In 1991, I was a young copywriter at one of the top ten creative agencies in the country and I had to pay for my own Mac because the agency functioned on PCs. We also wore coats and ties -- it doesn't seem that long ago, but it was.
Approximately fifteen years ago, I moved from a traditional agency into the new world of smaller more nimble ad agencies, staffed with freelancers armed with technology and yes, Macs. This is the world that shifted to online first and I remember when we used to get 6% click through rates on our early banner ads on AOL because people didn't know what they were.
Throughout this process, many big and bloated agencies survived thanks to the asset bubble and the massive spending from clients like car companies and soft drinks. Every so often, I would wade back into this world, as part of a team on a project or even just to visit a friend.
My colleagues and I in the new world would simply be shocked at the waste, the inefficiencies, the fees, well, we were a little jealous of the fees, realizing that junior account people were billing at the same rate our most senior people were. But then again, we don't have the expenses.
My current company handles some very large clients, and I hope they would agree, does some very good work for them. We are passionate and involved. We charge fair fees and pay our people fair salaries. However, our total office rent (for three spaces in three cities mind you) is under $2,000. We offer top health insurance (no employee co-pay) dental coverage (again no co-pay) and paid vacation etc.
So now, as the asset bubble collapses, so too are the remnants of the large agency structure. The layoffs we are seeing in the sector, massive really and growing, will only serve to further hasten the fall of the big shops.
The tens of thousands of people being cast on the street this month won't go back to work at large agencies, ever. Instead, they will start up a thousand small shops like mine. These will be good places with solid people with solid backgrounds, armed with laptops, and cell phones and free conference call numbers, not to mention free video conferencing and gmail accounts.
At the same time, there are tens of thousands of marketing directors whose budgets are going down 10, 20, 30% or more. Their goals are the same, maybe even higher. Inevitably, the advertising fees will have to be cut, and for smart marketing directors, this is an opportunity to get the same work, maybe better, quicker faster and far more efficient from the small and the smart, versus the large and expensive.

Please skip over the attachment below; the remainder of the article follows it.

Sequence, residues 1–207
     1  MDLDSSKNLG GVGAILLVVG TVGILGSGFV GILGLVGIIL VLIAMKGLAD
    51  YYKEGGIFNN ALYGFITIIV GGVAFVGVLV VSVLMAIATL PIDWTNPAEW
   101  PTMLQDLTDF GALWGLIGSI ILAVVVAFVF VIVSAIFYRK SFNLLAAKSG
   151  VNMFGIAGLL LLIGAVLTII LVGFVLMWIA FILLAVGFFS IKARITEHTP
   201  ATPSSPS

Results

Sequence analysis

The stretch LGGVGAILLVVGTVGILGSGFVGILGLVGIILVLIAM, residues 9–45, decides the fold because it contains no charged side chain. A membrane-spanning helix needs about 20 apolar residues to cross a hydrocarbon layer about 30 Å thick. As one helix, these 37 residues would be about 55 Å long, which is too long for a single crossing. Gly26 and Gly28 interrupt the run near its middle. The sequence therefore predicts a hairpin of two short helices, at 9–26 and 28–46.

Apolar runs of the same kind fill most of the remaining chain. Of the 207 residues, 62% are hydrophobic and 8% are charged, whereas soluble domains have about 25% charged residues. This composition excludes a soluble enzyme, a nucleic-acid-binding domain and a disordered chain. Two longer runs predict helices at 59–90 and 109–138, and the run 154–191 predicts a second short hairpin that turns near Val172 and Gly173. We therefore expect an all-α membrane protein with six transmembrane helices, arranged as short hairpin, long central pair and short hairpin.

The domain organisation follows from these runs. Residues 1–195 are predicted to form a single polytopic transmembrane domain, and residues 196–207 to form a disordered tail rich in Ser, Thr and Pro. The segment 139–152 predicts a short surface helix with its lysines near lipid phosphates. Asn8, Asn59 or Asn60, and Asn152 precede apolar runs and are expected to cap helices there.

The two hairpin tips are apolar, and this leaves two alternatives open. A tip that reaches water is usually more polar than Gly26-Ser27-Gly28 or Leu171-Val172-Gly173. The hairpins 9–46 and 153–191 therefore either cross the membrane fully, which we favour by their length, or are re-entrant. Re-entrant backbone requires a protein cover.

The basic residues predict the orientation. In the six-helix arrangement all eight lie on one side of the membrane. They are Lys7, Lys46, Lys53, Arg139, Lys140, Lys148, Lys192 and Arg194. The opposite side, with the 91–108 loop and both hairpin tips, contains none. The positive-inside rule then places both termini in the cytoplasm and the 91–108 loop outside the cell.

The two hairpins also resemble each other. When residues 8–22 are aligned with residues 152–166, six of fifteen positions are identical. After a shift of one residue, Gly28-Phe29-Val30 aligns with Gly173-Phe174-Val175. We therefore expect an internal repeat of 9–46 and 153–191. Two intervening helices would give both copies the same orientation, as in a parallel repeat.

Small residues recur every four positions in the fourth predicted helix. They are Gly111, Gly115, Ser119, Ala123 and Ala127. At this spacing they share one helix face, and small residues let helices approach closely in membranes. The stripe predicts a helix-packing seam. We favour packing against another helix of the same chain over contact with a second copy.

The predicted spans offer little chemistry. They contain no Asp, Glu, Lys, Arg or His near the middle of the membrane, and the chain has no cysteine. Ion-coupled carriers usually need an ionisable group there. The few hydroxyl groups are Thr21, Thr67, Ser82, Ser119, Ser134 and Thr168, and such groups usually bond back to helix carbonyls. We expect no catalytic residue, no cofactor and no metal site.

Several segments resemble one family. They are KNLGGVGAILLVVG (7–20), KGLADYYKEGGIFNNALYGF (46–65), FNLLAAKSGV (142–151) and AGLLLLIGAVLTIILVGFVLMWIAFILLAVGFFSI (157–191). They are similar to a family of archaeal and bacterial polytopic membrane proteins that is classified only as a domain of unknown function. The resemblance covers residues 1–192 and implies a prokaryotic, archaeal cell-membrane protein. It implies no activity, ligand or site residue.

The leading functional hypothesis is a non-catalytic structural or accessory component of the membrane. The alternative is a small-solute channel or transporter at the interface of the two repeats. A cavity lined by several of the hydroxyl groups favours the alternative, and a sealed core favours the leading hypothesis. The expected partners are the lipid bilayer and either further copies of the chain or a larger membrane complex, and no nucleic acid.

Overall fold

This has been the future for quite some time, but now is the tipping point. Combine the economic factors with society factors (plummeting newspaper readership, the shift to online for news and entertainment) with the economic factors and by the end of this year, you'll see the small shops explode as the larger ones implode.
Some may be lamenting the passing of these shops, and of old style TV advertising and brand campaigns. But here's something to consider. Great brands are still being created every day, not by launching a great campaign, but by being great companies. The opinions of tens of millions of online consumers quickly defines your brand.
Did Google ever run a TV spot about what they were and what they stood for?
Have you seen the campaign explaining how important it is you YouTube?
Of course not. Even consumer brands who do have traditional marketing programs, Apple, JetBlue, are perhaps more defined by what happens online with real people (great new products, about that tarmac delay) than they are by their traditional campaigns.
This also means one more trick the big agencies used to play doesn't work so well anymore (see Detroit automakers.) If you spent enough money, you could sell a pretty crappy product. That one's dead to now I'll wager.